The Life of High Countess Gritta von Ratsinourhouse

The Life of High Countess Gritta von Ratsinourhouse

Bettine von Arnim and Gisela von Arnim Grimm
Translated and with an introduction by Lisa Ohm

European Women Writers Series

154 pages

Paperback

August 1999

978-0-8032-9620-6

$15.00 Add to Cart

About the Book

Appearing for the first time in English, this delightful story of the adventures of twelve young girls will appeal to readers of all ages. Gritta, neglected by her father, is uprooted when her new stepmother insists she enter a convent school. Strictly supervised by the nun Sequestra, Gritta slips into melancholy. A mishandled bird, however, awakens Gritta to the realization that she and her friends must flee their walled-in life. Following her heart and employing her wits, Gritta leads the escape. The runaway girls are eventually shipwrecked near the principality of Sumbona. They establish a Robinson Crusoe–like existence and later found their own cloister.
 
Their community is sustained by the industry and talents of each of the girls. Mayeli paints, Harmony composes, and Wildberry, an herbalist, learns nature’s secrets and gains access to supernatural powers that will guarantee the future of the community. Gritta chooses to marry Prince Bonus of Sumbona, but when she sees the twelve cells in the cloister, she realizes with a pang of longing that she will never occupy the one meant for her.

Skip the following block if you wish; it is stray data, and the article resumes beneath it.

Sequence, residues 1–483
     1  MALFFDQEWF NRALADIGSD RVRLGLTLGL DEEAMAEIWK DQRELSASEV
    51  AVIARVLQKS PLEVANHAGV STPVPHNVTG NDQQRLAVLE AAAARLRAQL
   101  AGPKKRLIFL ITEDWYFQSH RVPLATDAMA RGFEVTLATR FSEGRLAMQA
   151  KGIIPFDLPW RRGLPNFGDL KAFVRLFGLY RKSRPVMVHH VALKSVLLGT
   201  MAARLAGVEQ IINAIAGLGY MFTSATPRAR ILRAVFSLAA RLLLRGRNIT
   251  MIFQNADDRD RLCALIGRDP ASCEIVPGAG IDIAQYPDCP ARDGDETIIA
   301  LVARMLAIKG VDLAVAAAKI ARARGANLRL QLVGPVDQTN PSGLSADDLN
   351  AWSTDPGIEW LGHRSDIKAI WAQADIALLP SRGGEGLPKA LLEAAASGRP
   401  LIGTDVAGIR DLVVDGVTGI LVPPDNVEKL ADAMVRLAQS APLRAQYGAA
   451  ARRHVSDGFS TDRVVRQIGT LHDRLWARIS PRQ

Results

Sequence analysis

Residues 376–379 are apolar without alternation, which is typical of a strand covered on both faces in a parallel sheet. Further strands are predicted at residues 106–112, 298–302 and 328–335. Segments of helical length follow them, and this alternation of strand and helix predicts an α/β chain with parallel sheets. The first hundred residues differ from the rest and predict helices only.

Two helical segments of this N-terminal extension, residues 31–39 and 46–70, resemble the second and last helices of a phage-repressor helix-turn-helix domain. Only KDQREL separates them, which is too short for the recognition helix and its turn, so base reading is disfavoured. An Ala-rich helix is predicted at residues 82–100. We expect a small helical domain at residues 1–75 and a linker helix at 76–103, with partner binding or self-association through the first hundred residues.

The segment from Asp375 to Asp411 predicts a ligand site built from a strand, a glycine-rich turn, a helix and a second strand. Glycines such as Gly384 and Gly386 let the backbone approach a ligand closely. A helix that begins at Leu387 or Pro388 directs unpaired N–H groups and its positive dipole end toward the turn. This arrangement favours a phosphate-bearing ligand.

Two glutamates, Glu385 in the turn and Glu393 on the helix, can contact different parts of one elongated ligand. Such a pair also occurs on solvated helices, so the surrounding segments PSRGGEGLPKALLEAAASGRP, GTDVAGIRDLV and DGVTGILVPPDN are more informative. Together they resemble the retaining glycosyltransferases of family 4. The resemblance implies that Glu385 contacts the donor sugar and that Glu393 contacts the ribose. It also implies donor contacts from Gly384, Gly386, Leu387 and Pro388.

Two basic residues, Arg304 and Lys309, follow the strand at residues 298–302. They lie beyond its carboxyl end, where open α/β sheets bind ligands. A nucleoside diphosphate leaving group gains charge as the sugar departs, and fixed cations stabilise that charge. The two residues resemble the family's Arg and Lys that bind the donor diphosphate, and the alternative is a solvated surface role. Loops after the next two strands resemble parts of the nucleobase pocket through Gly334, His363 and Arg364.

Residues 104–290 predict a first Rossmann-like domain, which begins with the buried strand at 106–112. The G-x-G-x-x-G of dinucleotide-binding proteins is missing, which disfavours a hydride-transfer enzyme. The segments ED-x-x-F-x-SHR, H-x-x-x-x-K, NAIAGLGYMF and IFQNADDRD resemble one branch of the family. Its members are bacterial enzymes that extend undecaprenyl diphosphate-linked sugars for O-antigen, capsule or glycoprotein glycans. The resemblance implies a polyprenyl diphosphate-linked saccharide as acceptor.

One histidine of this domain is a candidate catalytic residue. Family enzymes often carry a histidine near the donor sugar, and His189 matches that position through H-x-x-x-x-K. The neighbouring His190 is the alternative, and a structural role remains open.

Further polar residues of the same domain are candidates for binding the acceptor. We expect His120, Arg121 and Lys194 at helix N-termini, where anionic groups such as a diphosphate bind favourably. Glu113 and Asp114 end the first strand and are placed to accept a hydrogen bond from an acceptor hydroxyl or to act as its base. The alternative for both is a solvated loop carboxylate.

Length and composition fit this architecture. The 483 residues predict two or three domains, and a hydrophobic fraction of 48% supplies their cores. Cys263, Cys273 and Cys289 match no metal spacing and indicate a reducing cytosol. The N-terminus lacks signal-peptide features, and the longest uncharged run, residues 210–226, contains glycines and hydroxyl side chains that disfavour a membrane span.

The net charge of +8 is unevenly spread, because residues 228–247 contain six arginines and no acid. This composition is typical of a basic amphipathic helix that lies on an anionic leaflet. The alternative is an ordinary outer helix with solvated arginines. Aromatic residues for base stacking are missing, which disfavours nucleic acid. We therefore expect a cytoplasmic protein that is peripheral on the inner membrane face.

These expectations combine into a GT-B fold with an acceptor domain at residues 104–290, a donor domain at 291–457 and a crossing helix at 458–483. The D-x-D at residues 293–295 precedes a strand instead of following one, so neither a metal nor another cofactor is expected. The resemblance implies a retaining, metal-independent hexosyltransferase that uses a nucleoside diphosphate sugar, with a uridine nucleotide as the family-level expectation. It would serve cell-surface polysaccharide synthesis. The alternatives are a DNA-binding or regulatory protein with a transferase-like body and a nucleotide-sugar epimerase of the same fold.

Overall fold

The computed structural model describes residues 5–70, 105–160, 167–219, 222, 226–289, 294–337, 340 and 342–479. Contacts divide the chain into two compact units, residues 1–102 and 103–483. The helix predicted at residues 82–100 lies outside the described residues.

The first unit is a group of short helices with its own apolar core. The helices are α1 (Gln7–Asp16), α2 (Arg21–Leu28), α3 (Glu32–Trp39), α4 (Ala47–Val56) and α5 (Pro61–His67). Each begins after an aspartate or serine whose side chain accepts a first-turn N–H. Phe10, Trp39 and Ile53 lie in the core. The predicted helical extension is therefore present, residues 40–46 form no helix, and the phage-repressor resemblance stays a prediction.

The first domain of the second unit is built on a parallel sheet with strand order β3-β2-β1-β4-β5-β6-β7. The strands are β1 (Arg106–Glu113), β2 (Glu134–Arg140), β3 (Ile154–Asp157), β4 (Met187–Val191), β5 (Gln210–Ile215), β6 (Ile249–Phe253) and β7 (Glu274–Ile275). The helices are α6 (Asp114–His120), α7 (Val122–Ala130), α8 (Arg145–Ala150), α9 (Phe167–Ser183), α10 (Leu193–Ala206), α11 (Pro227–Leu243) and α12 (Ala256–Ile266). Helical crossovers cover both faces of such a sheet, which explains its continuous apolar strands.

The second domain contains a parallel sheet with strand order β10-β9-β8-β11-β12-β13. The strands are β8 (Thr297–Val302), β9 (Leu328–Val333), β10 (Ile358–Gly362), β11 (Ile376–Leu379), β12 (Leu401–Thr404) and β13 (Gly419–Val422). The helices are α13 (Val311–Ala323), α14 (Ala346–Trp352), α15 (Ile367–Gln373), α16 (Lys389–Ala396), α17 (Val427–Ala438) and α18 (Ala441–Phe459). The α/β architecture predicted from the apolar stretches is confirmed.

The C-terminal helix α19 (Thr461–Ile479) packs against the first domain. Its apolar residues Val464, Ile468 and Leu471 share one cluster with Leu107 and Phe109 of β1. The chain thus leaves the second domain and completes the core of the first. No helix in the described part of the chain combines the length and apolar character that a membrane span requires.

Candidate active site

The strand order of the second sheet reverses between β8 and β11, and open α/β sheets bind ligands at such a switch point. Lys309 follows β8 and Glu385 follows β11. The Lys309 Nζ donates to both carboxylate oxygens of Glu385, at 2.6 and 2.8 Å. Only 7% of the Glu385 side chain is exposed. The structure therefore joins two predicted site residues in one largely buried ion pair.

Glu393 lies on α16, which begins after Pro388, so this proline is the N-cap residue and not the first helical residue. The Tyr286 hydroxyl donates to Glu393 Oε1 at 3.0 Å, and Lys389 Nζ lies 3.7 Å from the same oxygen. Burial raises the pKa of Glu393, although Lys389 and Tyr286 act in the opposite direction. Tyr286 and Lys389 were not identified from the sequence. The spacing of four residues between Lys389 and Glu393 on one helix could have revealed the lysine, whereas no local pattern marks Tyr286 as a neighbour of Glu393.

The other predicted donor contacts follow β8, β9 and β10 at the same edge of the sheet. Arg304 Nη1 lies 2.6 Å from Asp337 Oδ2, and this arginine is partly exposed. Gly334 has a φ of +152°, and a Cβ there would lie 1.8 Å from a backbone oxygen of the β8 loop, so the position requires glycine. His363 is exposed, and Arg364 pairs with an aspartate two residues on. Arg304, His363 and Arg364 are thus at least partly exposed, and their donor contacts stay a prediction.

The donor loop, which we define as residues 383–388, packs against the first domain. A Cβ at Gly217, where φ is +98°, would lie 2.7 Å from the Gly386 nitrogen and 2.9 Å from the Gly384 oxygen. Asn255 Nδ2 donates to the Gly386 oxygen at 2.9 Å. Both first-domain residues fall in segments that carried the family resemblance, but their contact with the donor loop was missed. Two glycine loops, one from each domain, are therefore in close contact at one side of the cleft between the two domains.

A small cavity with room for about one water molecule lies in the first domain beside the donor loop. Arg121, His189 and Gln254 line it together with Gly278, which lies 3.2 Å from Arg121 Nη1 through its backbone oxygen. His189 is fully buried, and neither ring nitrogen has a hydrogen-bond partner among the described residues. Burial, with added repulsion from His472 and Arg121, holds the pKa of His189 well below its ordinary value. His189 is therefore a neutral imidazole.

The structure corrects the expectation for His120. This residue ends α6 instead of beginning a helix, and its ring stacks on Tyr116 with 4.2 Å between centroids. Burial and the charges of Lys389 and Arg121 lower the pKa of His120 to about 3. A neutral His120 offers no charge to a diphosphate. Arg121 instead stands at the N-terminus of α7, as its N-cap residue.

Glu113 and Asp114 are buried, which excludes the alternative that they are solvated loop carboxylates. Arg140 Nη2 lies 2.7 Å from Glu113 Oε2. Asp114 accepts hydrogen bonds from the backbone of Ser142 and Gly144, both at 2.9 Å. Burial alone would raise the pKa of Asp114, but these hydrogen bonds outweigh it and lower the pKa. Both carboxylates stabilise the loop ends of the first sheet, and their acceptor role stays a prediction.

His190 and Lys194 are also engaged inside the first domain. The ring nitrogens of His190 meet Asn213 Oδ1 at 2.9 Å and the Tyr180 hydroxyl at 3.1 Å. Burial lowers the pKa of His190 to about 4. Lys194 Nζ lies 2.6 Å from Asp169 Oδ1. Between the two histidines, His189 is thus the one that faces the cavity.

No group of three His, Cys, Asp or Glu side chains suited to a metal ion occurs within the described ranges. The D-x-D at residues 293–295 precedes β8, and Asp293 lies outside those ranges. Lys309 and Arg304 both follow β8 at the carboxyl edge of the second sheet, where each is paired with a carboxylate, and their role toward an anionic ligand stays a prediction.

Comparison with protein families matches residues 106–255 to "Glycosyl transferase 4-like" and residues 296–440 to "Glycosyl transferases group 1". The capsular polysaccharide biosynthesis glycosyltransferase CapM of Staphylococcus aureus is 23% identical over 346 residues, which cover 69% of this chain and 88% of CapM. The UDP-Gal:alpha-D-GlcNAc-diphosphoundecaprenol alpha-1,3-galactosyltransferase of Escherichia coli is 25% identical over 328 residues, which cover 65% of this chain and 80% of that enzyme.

This enchanting tale, coauthored in the early 1840s by Gisela von Arnim Grimm and her mother, Bettine von Arnim, lay undiscovered in an archive for nearly a century. Through humor and delicate satire, the authors criticize the place of women and children in nineteenth-century German society.

Author Bio

Lisa Ohm is an assistant professor of German at the College of St. Benedict and Saint John’s University in St. Joseph, Minnesota.

Praise

"This is a delightfully clever tale of female empowerment, and a lengthy introduction by the translator places it firmly in its historical and social context."—Publishers Weekly

"An entertaining and rewarding work, and very much worth rediscovering."—Kirkus Reviews

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